|Me - far left checking my pruned vine|
Thursday, February 24, 2011
A Very Good Day!!!
A Very Good Day!!!
Last Monday was February 14th. Most folks around the world know that day as “Valentine’s Day”. And in Bulgaria the 14th is Valentine ’s Day. However, in Bulgaria, there is another celebration on February 14th. It is St. Trifon day – also known as Trifon Zarezan day. St. Trifon is the patron saint of wine producers, vine-growers and Tavern-keepers. That means there is lots of wine consumed here in Bulgaria on February 14.
But this celebration is not just a “bacchanal” drinking party. It is also a day of work in the vineyards. Zarezan means to prune the vines. So that is the day in the spring when people start pruning their grape vines to prepare for the growing season.
A couple of villages which my NGO supports are on the lower slopes of the Rhodope mountains, and they have some large vineyards. In typical Bulgarian planning, Maria got a call Monday morning asking us to get a TV cameraman, and come to the Roma neighborhood to film the celebration. Since there are many large vineyards around Plovdiv, St. Trifon day is celebrated in many nearby towns – with lots of old men walking the streets holding plastic cups filled with wine. Getting Television to our little Mahala was not going to happen. However, Maria and I could go to the celebration instead. The people we work with invited us, and we hurried off. We arrived shortly before the ceremony started. It was a grey day, with light scattered showers. But the rain did not put a damper on the party.
Believe it or not, this was something I have wanted to do since we arrived in Bulgaria – go to a Roma party! Lynn has talked about walking through her very large Mahala seeing (and hearing) the parties in the streets with the large sound systems blasting Turkish and Bulgarian music throughout the neighborhood. When we arrived, the beer and wine filled-tables were in the streets, and the music was blaring with some folks dancing. But before the party could continue, we needed to “prune the vines”.
One of the younger women rushed off to change into more traditional dress. The drummer and clarinet players started getting ready. The small pail with “ceremonial” red wine was full. The drummer started, and a very motley group headed off on the one stone street in the village. Although I did not have my camera with me, someone else was taking video clips of the event. I have inserted the videos into this blog. They are not very exciting - - in fact they are boring! But, if you have some time, pour a glass of wine and watch a little bit of life in a Roma village. This first clip will show the parade preparation, and our "walk" toward the fields.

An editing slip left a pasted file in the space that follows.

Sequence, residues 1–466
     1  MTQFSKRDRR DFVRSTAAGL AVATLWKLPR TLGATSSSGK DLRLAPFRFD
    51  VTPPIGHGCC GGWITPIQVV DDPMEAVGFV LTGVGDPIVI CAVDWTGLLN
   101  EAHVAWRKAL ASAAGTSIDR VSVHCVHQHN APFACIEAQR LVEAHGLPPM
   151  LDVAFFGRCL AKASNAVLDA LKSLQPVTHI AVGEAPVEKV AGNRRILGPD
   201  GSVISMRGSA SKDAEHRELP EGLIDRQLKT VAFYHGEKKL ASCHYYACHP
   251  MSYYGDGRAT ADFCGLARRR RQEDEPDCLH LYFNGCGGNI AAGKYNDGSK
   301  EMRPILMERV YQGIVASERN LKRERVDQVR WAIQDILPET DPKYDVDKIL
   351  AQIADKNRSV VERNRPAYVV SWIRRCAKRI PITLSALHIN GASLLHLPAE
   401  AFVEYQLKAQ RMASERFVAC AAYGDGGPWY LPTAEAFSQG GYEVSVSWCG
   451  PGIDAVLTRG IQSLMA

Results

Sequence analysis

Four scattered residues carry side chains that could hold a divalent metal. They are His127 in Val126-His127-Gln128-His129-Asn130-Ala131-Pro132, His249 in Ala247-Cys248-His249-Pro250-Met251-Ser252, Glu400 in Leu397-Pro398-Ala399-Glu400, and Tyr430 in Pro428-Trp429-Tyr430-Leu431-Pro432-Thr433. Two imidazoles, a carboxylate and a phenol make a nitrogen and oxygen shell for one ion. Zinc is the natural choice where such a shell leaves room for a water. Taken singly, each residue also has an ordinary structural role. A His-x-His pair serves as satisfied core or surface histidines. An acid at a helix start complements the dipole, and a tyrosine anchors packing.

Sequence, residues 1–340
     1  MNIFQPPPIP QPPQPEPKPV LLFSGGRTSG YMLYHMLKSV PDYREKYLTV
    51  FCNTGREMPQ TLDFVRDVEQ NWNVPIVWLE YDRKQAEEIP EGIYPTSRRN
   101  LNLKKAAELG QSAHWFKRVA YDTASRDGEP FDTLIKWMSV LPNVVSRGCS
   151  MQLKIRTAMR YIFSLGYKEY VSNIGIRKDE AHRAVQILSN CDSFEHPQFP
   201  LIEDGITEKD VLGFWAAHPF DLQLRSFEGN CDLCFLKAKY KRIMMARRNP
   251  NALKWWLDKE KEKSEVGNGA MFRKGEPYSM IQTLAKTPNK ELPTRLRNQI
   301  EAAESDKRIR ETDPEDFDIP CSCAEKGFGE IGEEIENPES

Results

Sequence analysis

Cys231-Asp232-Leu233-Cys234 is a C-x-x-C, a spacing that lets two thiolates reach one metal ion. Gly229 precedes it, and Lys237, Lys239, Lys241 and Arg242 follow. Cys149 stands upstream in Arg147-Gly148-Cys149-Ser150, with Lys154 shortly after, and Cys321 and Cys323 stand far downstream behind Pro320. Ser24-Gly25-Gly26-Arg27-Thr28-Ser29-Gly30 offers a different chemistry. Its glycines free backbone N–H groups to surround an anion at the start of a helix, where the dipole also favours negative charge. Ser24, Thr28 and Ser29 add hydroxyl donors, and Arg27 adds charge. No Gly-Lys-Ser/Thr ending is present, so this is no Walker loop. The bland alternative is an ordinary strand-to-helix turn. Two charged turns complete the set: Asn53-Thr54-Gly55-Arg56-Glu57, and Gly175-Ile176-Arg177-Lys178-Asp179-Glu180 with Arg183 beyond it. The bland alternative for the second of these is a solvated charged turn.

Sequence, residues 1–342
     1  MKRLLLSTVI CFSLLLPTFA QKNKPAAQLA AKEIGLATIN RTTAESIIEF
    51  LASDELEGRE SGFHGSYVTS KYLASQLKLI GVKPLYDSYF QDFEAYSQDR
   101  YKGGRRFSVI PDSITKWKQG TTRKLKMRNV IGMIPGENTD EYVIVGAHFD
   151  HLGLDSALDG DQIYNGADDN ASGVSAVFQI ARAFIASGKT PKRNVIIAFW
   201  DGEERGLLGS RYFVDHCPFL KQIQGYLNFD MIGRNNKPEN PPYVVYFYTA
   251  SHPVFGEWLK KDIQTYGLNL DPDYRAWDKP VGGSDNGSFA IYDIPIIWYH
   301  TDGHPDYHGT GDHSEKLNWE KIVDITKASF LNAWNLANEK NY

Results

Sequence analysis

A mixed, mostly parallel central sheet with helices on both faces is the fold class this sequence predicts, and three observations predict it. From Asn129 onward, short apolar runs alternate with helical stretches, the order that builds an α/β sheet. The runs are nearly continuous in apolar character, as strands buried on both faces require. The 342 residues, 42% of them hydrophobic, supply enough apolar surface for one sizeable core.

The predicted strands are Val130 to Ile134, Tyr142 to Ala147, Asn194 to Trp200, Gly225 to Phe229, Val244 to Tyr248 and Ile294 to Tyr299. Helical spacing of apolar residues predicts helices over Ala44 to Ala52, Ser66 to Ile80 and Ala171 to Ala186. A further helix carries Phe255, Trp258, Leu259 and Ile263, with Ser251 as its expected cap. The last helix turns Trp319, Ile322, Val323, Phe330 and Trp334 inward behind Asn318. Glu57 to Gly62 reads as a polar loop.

From the “main” street, we headed down the dirt path into the poorer section of the Mahala. With the rain, most everything was slightly muddy, but it was not too bad. After that we passed through the “trash toss” area which is generally just a nearby field turned into a dump. On the other side of the trash was the fields filled with vineyards. The long video clip is the ceremony, speeches, and pruning of the vines. Maria and I were just enjoying the walk, and listening to the speeches, when I realized they were asking me to also speak. PANIC!!! I can do this, but I generally need more than 5 seconds to come up with some words in Bulgarian. But with Maria’s help we got through it. The small group seemed to like it most when I said we hoped to get много пари (lots of money) from the harvest. Then it was time for me to help with the pruning. And when the drums started back up, it was time to head back to the main street. We only had to get out of the way of one horse drawn wagon on the way back up the hill.
When we got back to the party area, there were plenty of 10 liter plastic bottles filled with homemade red wine, and plastic cups to drink from. I have learned that you have to be careful with Bulgarian homemade wine. It seems to be more potent than my normal “box” wine. But it is good! We spent two or three more hours in the Mahala. Several of our participants wanted to talk to us about seeds, fertilizers, and other things they would need this spring. We wondered into their homes where a coal or wood stove was keeping a small room toasty warm and also cooking soups. As we talked, there was more wine, walnuts, and food to eat. And outside was the ever present street music. I also spent some time at the tables filled with men celebrating (i.e. drinking more wine and beer), and even managed to meet a local politician who will be running for town mayor this October.
A little before 4PM it was time to head back to the reality of Plovdiv city life and work. Maria and I turned the car around, and headed home. But we had a really good day!
Thanks for readingMike